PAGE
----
Back in the 90s, when we were first getting the constitutional militia movement together in this part of Alabama, we did a lot of talking about our own rules of engagement. There was a widespread perception among groups that an attack on one was an attack on all, but there were wrinkles and permutations that were troubling. For example, someone raised this question:
"What if the ATF/FBI pulled a Waco on a Klan group?"
Well, we rolled that one around for a bit and the consensus was that pinhead green-teethed racists had constitutional rights too, and so we would be compelled to come to their assistance. Finally, somebody offered: "Hey, I know. Why don't we just show up late and avenge their deaths?" We had a big laugh and moved on to the next topic. Fine joke. In theory. But the world is a real place full of obscure and difficult choices.
So when I read the story below,
I had to wonder, "is there a constitutional dog in this fight?" You've got the FBI versus a group of armed ex-cons. You know, one gang going after another gang.
My problem is I no longer believe a word the FBI says. I've had too much personal experience which persuades me that they routinely lie like dogs when it suits their purpose (a phrase which I always thought was a vicious slander on dogs for they are among God's most honest creatures).
Ideally such law-breakers (the Islamic radicals, not the FBI) would be handled by local or state law enforcement. (Well, OK, the premise of Absolved is that the Feds should be dealt with by state and local authorities as well. Like I said, at most levels, gang activity is recognizable regardless of the origin of the gang or the colors they fly. By their works ye shall know them.)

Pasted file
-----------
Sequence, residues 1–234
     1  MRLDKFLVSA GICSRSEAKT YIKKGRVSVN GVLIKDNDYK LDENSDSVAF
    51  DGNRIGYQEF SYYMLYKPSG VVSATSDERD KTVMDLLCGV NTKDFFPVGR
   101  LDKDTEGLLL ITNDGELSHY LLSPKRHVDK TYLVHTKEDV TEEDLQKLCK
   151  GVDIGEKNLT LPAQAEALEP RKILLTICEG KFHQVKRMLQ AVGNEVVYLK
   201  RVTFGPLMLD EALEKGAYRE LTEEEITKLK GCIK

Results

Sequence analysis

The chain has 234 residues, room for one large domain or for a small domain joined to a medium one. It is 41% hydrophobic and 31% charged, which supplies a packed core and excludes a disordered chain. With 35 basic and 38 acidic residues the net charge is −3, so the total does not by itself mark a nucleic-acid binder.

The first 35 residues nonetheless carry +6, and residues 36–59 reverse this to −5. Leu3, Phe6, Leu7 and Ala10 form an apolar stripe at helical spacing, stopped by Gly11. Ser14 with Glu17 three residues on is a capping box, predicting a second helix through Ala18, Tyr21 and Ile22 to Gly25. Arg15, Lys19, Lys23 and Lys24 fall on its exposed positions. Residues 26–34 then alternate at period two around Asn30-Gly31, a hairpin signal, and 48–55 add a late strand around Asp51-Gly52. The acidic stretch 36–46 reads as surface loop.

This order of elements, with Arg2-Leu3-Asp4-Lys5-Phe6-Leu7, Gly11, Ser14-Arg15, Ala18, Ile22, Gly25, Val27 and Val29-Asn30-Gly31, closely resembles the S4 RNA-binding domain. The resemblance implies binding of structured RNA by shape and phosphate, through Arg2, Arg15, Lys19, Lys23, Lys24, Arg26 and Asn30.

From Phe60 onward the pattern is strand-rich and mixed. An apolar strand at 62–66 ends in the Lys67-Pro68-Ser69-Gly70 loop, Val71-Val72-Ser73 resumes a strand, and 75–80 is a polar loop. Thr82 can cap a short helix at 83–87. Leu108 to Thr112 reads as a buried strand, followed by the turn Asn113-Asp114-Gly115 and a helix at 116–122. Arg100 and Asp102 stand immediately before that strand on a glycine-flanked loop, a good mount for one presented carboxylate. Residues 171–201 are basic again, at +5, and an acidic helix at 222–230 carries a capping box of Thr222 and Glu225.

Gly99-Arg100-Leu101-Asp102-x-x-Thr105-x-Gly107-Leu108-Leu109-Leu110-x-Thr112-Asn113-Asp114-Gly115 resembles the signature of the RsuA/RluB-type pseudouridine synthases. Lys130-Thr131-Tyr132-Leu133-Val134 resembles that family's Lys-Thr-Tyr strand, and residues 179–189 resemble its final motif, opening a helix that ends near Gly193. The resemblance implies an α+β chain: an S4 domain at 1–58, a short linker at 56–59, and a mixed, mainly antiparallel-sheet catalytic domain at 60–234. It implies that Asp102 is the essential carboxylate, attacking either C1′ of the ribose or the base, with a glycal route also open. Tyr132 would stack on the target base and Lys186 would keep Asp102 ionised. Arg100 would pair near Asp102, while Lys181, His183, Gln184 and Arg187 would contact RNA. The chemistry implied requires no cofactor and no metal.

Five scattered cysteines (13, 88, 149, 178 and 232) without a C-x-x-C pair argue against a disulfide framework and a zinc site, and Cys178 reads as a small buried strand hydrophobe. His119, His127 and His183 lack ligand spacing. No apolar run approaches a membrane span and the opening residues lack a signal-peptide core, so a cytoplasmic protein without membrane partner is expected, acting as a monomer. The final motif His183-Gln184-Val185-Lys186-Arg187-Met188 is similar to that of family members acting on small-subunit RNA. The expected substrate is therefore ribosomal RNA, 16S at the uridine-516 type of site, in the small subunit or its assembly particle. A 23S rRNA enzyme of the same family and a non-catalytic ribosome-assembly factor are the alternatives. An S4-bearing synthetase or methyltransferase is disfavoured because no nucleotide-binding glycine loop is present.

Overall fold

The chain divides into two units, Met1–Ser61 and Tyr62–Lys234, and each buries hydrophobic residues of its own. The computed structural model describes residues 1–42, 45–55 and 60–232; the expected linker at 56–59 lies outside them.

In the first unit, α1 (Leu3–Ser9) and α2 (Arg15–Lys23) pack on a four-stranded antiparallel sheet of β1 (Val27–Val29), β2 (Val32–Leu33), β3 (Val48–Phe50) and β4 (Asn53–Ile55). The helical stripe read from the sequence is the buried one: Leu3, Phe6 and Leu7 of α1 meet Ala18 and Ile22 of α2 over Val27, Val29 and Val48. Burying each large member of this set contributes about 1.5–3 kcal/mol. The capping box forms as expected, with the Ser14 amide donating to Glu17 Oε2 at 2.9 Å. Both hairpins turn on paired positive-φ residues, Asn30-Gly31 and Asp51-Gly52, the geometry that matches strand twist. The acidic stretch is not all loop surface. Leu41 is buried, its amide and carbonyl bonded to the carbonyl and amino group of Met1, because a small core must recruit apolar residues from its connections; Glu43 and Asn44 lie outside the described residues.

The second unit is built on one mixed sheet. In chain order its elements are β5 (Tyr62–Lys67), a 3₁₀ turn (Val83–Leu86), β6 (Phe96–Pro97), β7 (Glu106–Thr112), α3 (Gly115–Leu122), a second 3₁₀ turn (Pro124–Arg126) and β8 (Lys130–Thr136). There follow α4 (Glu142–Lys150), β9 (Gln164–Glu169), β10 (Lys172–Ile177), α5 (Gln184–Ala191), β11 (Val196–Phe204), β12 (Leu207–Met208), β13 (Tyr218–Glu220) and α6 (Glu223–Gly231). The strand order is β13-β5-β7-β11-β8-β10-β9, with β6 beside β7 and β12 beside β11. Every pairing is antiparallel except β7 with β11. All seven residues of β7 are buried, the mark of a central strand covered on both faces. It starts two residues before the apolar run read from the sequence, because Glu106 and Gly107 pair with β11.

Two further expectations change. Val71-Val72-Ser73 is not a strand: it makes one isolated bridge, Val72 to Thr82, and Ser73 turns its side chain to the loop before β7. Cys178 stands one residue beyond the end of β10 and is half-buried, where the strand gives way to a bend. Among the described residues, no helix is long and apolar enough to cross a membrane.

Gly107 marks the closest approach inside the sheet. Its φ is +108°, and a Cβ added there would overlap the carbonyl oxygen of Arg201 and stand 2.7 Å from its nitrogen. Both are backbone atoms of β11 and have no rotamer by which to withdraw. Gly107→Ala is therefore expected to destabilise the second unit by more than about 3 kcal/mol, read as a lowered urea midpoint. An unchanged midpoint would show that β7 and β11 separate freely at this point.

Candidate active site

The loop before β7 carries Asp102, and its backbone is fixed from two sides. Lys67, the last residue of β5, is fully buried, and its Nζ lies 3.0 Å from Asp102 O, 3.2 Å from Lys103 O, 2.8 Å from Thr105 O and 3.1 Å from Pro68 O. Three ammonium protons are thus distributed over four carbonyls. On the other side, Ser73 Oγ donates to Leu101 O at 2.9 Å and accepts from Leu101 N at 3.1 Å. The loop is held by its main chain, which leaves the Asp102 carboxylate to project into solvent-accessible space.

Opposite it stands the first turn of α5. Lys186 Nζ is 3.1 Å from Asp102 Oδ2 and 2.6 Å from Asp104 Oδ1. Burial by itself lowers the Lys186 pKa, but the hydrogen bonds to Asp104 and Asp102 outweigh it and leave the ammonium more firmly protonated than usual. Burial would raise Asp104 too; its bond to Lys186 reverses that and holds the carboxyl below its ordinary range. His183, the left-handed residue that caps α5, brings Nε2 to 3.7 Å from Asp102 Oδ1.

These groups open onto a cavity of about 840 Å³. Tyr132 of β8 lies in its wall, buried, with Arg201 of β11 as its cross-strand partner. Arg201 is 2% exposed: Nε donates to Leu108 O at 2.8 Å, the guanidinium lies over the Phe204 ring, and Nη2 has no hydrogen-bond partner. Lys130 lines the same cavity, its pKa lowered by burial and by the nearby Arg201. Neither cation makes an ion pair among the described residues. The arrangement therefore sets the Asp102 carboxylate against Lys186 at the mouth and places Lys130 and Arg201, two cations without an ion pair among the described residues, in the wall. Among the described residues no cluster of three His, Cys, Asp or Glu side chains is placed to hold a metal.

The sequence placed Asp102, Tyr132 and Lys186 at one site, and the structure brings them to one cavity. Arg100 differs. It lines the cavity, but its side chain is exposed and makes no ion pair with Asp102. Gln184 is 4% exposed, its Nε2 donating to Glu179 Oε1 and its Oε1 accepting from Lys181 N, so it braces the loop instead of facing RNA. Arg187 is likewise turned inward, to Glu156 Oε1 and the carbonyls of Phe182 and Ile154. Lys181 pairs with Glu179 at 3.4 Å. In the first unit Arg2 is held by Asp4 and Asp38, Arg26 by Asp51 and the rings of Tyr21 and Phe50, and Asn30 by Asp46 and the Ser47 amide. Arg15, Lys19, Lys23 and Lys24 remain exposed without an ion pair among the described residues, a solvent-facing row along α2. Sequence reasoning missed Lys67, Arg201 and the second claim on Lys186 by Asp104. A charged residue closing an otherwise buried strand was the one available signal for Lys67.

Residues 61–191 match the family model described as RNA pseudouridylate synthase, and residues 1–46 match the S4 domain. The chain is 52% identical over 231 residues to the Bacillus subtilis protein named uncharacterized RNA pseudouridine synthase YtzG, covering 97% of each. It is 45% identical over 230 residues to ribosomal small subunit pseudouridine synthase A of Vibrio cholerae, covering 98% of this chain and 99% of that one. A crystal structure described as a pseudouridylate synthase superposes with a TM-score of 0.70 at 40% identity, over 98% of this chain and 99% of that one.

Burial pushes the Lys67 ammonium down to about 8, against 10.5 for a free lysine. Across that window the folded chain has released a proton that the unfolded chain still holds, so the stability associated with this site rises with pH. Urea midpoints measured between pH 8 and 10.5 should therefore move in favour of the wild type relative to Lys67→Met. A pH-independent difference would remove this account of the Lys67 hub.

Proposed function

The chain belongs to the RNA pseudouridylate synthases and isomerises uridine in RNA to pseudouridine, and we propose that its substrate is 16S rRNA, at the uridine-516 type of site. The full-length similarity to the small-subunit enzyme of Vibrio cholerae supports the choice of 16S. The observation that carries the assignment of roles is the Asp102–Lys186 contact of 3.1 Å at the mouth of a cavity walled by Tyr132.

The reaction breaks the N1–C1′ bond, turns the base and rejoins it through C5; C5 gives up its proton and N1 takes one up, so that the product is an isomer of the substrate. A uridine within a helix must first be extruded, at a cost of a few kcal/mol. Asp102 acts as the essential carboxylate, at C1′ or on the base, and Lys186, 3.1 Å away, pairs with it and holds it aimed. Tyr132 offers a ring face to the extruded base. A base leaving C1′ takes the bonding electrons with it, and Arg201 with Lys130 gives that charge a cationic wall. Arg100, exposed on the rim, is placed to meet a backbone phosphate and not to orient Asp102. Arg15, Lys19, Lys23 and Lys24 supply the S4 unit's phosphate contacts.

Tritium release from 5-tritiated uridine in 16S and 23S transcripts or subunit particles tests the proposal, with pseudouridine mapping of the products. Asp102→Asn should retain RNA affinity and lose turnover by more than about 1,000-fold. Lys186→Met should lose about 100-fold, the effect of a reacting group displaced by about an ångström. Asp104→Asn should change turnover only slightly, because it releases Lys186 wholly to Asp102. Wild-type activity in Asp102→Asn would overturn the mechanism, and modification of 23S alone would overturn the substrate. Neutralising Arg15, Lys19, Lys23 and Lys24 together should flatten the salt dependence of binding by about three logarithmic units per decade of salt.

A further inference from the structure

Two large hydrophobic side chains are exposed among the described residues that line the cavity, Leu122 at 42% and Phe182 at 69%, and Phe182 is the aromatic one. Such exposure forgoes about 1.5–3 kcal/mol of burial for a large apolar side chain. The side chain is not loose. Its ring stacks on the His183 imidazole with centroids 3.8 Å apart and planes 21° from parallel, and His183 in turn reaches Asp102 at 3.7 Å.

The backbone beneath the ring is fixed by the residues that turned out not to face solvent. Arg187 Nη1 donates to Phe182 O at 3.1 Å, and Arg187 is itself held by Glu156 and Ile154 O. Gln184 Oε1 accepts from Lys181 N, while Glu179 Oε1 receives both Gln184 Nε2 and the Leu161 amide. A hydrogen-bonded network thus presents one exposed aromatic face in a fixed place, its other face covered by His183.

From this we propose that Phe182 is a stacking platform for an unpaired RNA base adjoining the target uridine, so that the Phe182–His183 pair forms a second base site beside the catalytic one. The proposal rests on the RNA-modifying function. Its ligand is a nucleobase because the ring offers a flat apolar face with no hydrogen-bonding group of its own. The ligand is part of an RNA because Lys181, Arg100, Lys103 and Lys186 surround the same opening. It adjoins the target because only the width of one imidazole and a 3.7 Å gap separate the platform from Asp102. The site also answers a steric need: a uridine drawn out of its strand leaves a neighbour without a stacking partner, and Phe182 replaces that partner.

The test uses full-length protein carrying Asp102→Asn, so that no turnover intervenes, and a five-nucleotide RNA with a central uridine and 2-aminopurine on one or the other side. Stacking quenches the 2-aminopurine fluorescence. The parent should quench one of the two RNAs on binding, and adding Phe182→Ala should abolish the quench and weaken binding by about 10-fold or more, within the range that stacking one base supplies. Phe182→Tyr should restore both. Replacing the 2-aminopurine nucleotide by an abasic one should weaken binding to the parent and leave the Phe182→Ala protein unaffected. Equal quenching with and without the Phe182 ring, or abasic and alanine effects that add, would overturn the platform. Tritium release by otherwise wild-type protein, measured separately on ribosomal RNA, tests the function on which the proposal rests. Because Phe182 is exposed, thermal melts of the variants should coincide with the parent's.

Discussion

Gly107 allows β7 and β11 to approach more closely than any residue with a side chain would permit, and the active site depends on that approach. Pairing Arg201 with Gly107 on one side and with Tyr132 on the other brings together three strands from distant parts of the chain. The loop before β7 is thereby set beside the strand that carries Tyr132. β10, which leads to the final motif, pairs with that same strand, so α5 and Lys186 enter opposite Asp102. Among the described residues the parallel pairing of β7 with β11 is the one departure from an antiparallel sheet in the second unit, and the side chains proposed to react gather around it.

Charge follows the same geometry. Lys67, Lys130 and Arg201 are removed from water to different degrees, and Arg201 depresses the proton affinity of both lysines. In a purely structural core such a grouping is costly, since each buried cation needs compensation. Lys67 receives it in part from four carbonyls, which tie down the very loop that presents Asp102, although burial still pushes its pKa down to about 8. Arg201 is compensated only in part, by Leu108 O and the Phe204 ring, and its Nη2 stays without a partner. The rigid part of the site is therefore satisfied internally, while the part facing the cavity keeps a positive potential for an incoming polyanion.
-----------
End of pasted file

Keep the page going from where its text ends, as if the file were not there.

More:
But that is not the world we live in, thanks to 75 years of federal encroachment on the constitutional rule of law.
I'd like more information on this case. Some of the rationales cited in the story by the Fibbies will be applied to me, when and if they decide that game is worth the candle:
"He regularly preaches anti-government and anti-law enforcement rhetoric . . . Abdullah and his followers have trained regularly in the use of firearms, and continue to train in martial arts and sword fighting."
Oh, my! So maybe they're training without firearms because they're ex-cons and are denied firearms. And maybe those who are training with firearms are the legit ones. Like I said, I no longer believe anything the FBI says.
On the face of it, these are Islamo-fascists who seek to set up sharia law in the US contrary to the Constitution. (When I read this story, I also thought of John Ringo's Detroit Imam in The Last Centurion.)
So, again, I wonder if there is a constitutional dog in this fight or if I should just put it down to an internecine fight between gangs.
What do you think?
III Feds: Islamic Radical Killed in Mich. Raid
By ED WHITE ,
DETROIT (Oct. 28) — A man described as a leader of a radical Sunni Islam group in the U.S. was fatally shot Wednesday afternoon while resisting arrest and exchanging gunfire with federal agents, authorities said.